Since I started researching converting my own van back in 2018 and after completing my first build in 2019 and now starting a second one in 2020, there is a constant debate about just about every feature of the build: which van is the best choice, which insulation works best, whether to have your solar panels in series or parallel, gas vs. diesel, whether Rachel should have gotten off the plane for Ross, etc. A huge area of debate? What type of batteries you should use in your electrical system.
In Van #1 I opted for AGM batteries; specifically I chose these AGM Deep Cycle batteries. Two 12v batteries, 100 amp hours each, bringing me a total of 200 amp hours for less than $400.
After living with the Deep Cell batteries for a year in the first van, I opted for this Lithium battery for the second time around. One 12v battery, 100 amp hours, for $800.
Wait, you paid twice as much for half the amp hours???
I’m not going to get into the deep science behind the difference between the two batteries because I am not an engineer and I don’t want to give people the wrong information that could potentially be dangerous. However, if you are interested in a more in-depth explanation, this website does an absolutely amazing job of breaking down the math and science. I will also give a real-life example of my experience with the two batteries. Basically one of the largest differences between AGM and Lithium is that Lithium can be run all the way down to 0% and AGM really shouldn’t be drawn past 50% before it starts to permanently damage the battery. This means that hypothetically one 100Ah Lithium battery provides the same power as a 200Ah AGM battery, since it can only be pulled 50% (50% of 200 is 100 in case you REALLY need me to break it down). This means that you can run that Lithium battery all the way down and not have to worry about monitoring it or getting it charged again without damaging it. Additionally, if you’re concerned about space and weight, one lithium battery would be much more space efficient than two AGM batteries.
Also, just like with any other kind of battery, there is a finite lifespan for them. Traditionally, Lithium batteries can get 2,000-4,000 full charges/discharges out of them while an AGM battery may only get 400-1,500 depending on the capacity of the battery. I’m about to throw some math at you again, so be prepared. If you go through one full battery charge/discharge a day by charging phones, using your lights, etc., one AGM battery will last 400 cycles, or a little more than a year (1.095 years if we’re being exact). That same battery in Lithium form will last 2,000 charges/cycles which is approximately 5.479 years. So even though the Lithium can cost four times as much as an AGM battery, you get five times the efficiency.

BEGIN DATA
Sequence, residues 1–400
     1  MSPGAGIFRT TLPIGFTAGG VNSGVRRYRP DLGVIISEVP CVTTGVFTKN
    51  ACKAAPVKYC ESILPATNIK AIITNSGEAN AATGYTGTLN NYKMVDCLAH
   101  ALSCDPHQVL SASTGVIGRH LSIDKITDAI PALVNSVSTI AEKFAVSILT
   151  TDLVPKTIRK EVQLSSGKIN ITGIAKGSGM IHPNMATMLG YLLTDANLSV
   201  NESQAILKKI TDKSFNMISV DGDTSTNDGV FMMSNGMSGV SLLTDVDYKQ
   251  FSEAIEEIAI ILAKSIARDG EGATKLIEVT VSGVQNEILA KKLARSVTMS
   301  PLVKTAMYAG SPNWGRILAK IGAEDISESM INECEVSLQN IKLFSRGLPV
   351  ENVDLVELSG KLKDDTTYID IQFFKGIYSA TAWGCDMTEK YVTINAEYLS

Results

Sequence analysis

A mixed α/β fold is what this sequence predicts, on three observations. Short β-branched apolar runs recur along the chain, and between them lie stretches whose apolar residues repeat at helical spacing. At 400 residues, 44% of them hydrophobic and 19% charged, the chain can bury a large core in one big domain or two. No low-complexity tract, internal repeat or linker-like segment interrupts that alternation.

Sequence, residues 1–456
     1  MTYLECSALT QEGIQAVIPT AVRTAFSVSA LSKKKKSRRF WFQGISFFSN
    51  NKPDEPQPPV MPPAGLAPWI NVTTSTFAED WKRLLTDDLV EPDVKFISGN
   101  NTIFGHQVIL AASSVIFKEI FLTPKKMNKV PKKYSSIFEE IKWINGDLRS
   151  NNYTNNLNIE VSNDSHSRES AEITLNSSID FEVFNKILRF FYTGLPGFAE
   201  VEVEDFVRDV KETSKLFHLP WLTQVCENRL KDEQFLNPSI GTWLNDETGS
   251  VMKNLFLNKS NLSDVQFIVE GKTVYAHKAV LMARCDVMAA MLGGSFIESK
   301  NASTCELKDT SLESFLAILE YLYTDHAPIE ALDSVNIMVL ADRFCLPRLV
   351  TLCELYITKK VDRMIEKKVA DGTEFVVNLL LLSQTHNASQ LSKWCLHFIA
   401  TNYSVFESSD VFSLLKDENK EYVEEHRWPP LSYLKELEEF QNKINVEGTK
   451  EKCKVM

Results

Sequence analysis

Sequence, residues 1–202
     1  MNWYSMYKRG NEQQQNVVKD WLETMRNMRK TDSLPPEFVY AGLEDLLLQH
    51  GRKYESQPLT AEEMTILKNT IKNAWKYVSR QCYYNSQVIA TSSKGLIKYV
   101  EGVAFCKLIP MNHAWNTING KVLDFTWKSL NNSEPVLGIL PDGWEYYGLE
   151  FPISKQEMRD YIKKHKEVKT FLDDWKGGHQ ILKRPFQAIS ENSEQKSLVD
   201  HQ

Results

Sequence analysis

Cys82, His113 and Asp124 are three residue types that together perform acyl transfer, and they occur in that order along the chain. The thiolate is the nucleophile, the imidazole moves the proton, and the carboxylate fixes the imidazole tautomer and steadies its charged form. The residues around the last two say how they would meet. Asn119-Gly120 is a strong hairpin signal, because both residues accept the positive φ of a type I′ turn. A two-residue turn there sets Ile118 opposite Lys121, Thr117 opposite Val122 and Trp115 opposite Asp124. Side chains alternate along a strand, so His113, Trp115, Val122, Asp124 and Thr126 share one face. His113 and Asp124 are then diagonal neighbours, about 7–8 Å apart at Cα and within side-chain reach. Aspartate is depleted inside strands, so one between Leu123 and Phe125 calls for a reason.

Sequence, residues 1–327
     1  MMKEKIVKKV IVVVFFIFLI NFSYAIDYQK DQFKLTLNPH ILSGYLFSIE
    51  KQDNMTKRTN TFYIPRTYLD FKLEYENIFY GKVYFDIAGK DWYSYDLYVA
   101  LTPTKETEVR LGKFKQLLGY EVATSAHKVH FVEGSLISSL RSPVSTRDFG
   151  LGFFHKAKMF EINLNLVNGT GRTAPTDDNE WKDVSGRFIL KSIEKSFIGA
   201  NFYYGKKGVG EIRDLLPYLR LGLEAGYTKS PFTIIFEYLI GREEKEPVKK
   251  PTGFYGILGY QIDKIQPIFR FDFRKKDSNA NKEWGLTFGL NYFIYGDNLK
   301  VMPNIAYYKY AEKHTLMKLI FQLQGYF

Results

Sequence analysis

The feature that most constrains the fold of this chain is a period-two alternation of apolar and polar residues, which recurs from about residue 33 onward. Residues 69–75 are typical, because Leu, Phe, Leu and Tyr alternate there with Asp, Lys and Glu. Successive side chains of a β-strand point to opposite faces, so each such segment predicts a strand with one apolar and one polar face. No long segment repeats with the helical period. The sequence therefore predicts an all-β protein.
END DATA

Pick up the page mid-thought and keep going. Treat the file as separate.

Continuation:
There are a lot of other factors that come into play between the two batteries (usable energy, weight, discharge capacity, etc.) but you get the point.
TL;DR – Lithium batteries are much more efficient and cost-effective than AGM batteries but DAMN they are expensive.
With a setup like mine that didn’t require a ton of electrical power, one $800 battery at 100Ah was painful, but worth it for my second build. This would be a much larger upfront financial investment if you had to have 200 or 300Ah. However, your build is totally up to you! I will say that I’ve had the AGM batteries for the last year and as long as I get adequate sunshine to charge my panels/batteries every day, I don’t have any problems with them, except one time when I ran them down past 50% after a series of cloudy days. Luckily my charge controller is a smart monitor and once it sensed the batteries were dangerously low, it shut down my whole system to protect the batteries. This was annoying as I didn’t have any electricity until the next morning when my panels could charge again, but not the end of the world. I plan on using my AGM batteries as long as possible and eventually upgrading to the Lithium batteries when the time comes (and when I have the $$$).